Anorak News | Madeleine McCann: The Truth Of The Lie, The Missing Pages And Blonde Lawyers

Madeleine McCann: The Truth Of The Lie, The Missing Pages And Blonde Lawyers

by | 24th, July 2008

MADDIE WATCH – Anorak’s at-a-glance guide to press coverage of Madeleine McCann

A girl has disappeared. We spent over a year watching the parents via the press. The McCanns have been formally cleared of involvement in Madeleine’s disappearance. But we are still watching them

IRISH INDEPENDENT: “Maddy’s parents turn to their lawyers as book hits shelves”

Kate and Gerry McCann consulted lawyers yesterday after the publication of extracts from a book by a former senior Portuguese detective containing allegations against them. Goncalo Amaral, former head of the investigation into the disappearance of the couple’s daughter Madeleine, affirms that the young girl died in her family’s holiday flat.

His book, entitled ‘The Truth Of The Lie’, will be published today but excerpts were printed in the Portuguese paper ‘Correio da Manha’ yesterday.

Do we dare repeat what the book says? Is any publicity bad publicity?

The McCann family spokesman Clarence Mitchell said: “Mr Amaral will face immediate and swift legal action if he in any way implies, either directly or indirectly, that Kate and Gerry were involved in the disappearance or harming of their daughter.”

SKY NEWS: “Ex-Cop’s Madeleine Book Published”

He criticises the McCanns, their friends, Gordon Brown and the British police.

Many do. Any other key facts?

The book’s publishers remind readers that Mr Amaral was a successful detective and top of his class of police cadets 27 years ago. But they make no mention of the perjury charge he faces over another missing child investigation.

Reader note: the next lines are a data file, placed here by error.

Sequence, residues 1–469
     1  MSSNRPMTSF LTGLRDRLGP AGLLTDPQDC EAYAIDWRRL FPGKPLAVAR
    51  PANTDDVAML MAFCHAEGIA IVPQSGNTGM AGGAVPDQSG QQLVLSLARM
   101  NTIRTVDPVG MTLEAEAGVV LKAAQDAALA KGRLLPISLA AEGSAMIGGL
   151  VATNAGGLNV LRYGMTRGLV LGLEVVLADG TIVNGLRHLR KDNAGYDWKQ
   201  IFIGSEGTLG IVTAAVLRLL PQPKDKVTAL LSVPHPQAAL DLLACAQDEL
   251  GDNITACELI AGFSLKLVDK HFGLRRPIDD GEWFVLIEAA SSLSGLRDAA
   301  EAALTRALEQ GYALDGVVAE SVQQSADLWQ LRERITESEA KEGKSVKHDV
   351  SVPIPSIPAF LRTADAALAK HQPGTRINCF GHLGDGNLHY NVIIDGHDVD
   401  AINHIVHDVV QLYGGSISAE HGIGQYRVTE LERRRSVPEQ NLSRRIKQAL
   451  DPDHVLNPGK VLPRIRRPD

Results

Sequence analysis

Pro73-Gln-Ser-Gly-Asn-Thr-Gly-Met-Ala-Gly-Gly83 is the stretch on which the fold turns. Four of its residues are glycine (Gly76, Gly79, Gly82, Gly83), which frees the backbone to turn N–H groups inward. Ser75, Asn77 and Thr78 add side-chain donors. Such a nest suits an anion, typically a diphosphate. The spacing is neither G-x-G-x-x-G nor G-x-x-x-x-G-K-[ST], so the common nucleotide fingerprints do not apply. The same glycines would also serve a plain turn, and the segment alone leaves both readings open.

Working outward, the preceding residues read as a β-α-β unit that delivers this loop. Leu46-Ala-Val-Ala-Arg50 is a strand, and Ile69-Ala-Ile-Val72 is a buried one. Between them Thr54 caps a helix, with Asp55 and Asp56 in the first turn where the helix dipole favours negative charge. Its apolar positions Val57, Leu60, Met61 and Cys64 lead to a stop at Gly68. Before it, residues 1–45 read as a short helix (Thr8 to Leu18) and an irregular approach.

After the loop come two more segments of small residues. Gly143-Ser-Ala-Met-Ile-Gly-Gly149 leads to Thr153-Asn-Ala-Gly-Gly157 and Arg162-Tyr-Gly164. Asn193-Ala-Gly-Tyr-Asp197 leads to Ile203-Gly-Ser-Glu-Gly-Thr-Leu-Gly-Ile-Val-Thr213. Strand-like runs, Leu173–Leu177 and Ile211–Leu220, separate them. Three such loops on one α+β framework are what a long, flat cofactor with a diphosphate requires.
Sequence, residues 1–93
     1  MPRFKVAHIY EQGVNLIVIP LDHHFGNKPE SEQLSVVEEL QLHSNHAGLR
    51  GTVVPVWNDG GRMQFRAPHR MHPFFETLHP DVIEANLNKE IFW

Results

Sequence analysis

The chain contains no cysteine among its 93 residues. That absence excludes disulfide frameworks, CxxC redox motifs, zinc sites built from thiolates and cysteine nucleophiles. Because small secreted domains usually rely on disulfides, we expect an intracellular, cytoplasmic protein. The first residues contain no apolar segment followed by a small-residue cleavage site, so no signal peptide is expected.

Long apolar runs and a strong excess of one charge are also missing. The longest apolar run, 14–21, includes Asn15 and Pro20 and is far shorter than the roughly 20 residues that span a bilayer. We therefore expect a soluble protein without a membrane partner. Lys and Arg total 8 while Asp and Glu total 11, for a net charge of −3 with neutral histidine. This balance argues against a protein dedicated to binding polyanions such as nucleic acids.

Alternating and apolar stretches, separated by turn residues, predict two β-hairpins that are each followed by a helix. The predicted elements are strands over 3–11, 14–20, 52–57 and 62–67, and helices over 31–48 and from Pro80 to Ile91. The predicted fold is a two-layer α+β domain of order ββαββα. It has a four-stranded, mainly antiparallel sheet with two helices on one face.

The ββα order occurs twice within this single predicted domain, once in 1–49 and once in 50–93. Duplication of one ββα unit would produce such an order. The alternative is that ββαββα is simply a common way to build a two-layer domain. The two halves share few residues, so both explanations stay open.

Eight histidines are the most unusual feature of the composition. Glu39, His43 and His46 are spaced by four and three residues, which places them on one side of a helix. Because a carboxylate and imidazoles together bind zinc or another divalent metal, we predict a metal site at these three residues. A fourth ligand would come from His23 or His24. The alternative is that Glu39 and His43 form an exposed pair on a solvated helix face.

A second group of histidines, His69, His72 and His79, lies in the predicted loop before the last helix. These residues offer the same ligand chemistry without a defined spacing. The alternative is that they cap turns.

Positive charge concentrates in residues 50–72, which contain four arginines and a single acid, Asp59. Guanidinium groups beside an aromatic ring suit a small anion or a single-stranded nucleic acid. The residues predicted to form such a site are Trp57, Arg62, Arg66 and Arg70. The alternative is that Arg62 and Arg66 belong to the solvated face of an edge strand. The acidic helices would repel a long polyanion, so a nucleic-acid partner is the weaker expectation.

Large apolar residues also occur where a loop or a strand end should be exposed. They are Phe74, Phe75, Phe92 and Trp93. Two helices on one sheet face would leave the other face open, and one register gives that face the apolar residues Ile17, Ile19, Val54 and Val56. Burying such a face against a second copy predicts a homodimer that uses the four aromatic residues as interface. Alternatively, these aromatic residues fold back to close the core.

But Sky News does.

THE SUN: “How could he?”

He is now facing perjury charges over an earlier case involving the disappearance of a girl.

The cad. The Sun just sticks to the facts.

But the ex-cop still churned out his 214-page book Maddie — A Verdade da Mentira, which translates as Maddie — The Truth of the Lie.

Isn’t it 224-pages long? We demand to know what happened to the 10 missing pages. We demand the truth! Are there two books?

The £10 book — with an initial print-run of 40,000 — is being published only in Portugal for fear of libelling the couple. In March doctors Kate and Gerry, both 40 and from Rothley, Leics, received £550,000 from Express Newspapers for printing false claims.

The Express. Libel. For shame. The Sun would never get it so utterly wrong, would it?

In any case, the Portuguese police case is over, the papers told us so:

Though the case has been shelved, Portugal’s top cop Almeida Rodrigues insisted yesterday: “We will continue to chase up every credible lead we receive. We will travel to the ends of the Earth if needs be.

DAILY TELEGRAPH: “Kate and Gerry McCann threaten legal action over Madeleine book”

Says Clarence Mitchell: “Amaral is seeking to make money out of Madeleine’s situation and is seeking publicity – it’s quite disgusting,” he said admitting that legal advice had been taken.”

Does Clarence Mitchell get paid to be the McCanns’ spokesman, to speak on behalf of the parents of a missing child? And now the McCanns are no longer suspects, and all too used to dealing with the media, do they need him?

Does he need a new job. Do you have a missing child?

DAILY MAIL: “I took my little grandson to plaiy in the woods. So how on earth did we end up being frogmarched home by police?”

Writes Dorothy Judd, a “pensioner”: